On nearly every measure of the Hospital Consumer Assessment of Health Plans Survey patient experience questionnaire, 769 hospitals that treat the largest share of low-income patients scored 5.6 percentage points lower than their 2,327 non-safety net counterparts, according to a review of survey responses between 2007 and 2010.
"What we found was that these safety net hospitals generally do worse on this measure, and I don't think we knew that before we did our work," says Ashish Jha, MD, corresponding author for the study published in Tuesday's Archives of Internal Medicine.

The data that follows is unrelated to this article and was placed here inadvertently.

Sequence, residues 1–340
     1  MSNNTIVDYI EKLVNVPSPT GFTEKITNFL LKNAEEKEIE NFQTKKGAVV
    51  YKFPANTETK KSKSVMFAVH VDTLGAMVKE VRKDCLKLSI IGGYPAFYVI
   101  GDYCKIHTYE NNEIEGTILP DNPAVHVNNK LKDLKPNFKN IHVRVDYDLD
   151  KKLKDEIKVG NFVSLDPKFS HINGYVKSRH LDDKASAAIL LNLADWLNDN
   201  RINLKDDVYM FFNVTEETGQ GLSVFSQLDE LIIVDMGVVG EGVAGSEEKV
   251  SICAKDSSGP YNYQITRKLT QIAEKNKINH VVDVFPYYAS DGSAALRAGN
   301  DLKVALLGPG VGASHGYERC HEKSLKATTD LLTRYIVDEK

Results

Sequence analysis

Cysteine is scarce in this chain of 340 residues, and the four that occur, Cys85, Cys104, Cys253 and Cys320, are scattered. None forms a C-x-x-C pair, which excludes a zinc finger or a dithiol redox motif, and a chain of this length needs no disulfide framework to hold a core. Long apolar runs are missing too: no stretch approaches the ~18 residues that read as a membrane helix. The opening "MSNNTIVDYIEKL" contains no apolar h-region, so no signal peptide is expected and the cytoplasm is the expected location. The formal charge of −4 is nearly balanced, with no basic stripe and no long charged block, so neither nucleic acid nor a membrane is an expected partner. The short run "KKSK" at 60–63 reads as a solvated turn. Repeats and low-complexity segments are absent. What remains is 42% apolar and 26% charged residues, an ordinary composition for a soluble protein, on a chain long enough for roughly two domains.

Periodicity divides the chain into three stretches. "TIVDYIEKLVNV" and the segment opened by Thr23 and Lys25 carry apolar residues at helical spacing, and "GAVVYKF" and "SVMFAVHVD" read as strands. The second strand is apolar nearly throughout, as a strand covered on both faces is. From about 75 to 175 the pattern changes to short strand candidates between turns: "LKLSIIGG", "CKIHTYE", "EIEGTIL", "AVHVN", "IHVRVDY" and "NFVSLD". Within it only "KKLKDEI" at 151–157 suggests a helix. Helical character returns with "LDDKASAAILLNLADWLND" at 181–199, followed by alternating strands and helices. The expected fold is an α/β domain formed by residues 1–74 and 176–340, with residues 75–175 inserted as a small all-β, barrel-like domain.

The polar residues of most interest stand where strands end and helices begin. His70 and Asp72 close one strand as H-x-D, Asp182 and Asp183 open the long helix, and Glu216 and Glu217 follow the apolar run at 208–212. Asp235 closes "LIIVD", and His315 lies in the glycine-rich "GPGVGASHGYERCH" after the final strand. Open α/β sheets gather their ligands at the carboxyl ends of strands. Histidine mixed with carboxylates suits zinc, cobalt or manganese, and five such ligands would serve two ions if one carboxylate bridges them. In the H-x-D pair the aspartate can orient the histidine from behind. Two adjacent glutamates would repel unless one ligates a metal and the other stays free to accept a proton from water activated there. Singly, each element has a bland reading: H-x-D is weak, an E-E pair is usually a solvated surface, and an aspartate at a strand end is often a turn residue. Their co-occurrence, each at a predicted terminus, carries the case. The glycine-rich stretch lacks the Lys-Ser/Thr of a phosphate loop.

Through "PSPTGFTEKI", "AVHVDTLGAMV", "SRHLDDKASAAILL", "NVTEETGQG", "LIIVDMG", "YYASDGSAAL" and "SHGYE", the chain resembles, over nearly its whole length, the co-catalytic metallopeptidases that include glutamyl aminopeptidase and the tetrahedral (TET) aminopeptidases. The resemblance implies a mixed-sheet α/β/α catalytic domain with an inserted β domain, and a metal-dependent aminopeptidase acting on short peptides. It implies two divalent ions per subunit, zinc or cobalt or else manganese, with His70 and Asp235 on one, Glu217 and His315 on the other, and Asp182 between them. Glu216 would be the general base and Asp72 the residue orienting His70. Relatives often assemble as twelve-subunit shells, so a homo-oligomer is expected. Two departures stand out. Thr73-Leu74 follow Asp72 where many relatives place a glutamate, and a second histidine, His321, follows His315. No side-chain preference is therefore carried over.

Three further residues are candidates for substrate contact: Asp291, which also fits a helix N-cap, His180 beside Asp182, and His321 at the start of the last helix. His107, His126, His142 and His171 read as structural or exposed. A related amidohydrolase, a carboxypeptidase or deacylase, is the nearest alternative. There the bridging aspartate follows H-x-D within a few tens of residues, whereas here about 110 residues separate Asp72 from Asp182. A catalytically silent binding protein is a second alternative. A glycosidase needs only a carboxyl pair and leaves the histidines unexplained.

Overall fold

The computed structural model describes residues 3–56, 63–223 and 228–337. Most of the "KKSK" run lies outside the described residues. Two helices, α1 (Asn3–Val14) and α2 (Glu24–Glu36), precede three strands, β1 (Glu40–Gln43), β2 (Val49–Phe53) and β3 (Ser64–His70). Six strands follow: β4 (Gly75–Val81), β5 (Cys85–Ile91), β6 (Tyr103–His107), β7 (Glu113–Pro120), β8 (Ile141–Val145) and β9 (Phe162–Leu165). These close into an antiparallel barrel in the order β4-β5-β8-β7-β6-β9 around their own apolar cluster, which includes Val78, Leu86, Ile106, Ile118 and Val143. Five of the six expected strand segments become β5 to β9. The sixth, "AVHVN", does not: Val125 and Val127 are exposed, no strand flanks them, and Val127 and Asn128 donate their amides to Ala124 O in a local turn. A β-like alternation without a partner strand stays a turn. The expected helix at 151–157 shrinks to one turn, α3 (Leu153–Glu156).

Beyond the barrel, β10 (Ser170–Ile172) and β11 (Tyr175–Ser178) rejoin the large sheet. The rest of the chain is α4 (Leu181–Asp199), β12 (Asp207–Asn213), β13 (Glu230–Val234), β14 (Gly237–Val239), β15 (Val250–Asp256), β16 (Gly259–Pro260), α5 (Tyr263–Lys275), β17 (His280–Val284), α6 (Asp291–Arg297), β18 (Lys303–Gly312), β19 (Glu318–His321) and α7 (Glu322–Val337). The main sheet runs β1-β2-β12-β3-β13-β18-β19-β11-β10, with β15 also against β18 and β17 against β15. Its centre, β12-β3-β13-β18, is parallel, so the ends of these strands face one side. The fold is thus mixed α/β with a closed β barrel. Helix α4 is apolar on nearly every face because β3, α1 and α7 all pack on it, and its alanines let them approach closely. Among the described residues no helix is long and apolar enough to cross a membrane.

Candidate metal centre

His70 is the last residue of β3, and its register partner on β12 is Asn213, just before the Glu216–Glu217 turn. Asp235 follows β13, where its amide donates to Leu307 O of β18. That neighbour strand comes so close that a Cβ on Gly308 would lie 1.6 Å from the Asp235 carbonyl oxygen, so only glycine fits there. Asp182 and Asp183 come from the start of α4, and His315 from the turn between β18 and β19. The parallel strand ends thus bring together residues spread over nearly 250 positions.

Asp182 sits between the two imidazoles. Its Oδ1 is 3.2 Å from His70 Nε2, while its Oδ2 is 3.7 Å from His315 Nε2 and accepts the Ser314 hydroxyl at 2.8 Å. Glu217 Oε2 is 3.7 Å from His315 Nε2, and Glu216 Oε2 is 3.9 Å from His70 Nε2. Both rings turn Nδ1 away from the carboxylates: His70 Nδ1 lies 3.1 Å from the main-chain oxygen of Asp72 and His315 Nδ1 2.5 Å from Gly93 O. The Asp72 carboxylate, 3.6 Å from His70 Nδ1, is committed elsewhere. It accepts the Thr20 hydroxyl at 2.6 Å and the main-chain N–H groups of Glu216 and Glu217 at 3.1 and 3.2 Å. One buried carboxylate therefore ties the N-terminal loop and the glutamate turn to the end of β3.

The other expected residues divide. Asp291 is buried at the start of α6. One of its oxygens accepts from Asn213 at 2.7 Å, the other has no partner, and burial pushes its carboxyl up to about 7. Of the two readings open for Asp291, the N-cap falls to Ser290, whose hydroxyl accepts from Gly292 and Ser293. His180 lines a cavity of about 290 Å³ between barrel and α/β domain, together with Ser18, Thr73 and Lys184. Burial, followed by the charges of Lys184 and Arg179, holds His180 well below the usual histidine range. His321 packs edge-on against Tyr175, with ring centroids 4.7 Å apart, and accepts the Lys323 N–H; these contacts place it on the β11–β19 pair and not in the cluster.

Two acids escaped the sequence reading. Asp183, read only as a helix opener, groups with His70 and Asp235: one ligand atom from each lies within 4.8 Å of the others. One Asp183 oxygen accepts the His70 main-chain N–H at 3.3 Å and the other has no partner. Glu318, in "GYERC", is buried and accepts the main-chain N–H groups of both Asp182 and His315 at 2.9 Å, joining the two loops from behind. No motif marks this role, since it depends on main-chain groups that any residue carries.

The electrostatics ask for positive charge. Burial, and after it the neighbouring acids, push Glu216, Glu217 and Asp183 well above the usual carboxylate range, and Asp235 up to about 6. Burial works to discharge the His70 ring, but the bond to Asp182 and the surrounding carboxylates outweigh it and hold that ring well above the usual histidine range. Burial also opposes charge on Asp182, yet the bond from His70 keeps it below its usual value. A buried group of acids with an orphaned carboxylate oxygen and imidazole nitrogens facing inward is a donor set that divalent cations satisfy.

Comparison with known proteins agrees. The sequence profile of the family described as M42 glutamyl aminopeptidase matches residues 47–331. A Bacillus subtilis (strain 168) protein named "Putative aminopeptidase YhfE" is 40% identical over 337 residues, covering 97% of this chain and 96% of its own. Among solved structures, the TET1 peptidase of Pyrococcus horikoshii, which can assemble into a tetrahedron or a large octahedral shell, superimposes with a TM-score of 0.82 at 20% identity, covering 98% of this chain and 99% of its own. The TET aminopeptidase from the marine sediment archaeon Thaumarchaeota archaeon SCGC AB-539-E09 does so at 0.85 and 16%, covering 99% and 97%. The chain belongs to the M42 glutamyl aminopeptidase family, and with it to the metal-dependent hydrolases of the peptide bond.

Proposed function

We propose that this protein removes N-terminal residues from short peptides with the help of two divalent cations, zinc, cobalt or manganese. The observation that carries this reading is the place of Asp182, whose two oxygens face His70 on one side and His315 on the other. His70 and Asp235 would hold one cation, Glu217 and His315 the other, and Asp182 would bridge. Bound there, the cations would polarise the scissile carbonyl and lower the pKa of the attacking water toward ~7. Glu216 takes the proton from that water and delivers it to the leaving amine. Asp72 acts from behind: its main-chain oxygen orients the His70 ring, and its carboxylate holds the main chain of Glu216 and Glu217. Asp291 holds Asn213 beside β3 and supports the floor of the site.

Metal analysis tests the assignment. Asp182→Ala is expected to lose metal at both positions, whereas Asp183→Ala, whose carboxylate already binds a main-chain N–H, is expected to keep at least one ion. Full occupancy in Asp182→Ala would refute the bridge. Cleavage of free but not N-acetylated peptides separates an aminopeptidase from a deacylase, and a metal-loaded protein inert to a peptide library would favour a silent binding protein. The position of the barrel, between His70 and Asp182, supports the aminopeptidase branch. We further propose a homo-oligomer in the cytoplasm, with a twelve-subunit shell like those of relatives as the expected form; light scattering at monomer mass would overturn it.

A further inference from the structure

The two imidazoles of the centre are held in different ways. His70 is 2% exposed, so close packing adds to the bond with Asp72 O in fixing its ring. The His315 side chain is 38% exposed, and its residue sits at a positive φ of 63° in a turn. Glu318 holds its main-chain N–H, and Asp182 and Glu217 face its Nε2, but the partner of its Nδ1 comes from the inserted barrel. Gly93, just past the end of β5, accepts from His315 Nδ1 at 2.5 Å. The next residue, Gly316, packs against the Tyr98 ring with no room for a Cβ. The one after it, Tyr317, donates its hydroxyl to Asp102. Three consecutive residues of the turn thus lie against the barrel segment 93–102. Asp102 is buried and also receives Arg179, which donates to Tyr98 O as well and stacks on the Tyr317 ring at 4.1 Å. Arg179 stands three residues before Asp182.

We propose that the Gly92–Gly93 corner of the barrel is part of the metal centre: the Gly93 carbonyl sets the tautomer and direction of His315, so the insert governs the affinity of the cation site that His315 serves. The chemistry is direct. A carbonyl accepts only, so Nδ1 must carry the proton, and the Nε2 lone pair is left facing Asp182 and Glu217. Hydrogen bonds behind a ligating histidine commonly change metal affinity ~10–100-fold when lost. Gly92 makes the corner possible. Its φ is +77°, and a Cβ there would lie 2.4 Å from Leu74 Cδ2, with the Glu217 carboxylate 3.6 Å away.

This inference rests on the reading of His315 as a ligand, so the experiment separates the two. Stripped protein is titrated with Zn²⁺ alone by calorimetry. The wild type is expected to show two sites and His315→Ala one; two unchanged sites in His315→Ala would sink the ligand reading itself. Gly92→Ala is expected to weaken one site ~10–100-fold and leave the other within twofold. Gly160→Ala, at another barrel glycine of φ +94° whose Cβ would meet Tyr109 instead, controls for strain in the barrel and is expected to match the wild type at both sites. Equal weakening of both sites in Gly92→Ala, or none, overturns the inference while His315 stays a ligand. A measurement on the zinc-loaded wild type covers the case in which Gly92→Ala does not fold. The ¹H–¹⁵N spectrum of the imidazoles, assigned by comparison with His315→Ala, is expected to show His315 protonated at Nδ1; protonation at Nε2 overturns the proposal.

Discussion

The finding is critically important. A key section of the Patient Protection and Affordable Care Act mandates that those survey response scores now influence how much hospitals are paid for Medicare patient care starting Oct. 1.
Past survey scores over a three-year period influence a significant chunk of each hospital's value-based purchasing incentive payment. The maximum penalty as of Oct. 1 is 1% of a hospital's Medicare DRG payments but rises to 2% by 2017.
If large numbers of a hospital's patients say their doctors and nurses "always" answered their questions, that their pain was "always" well controlled, and said that their room and bathroom were "always" clean, the survey responses influence just under one-third of that 1% to 2%.
But scores at safety net hospitals, which are more likely to be old, look unclean, or have a more run-down appearance, could be influenced by factors that are beyond the hospital's immediate control.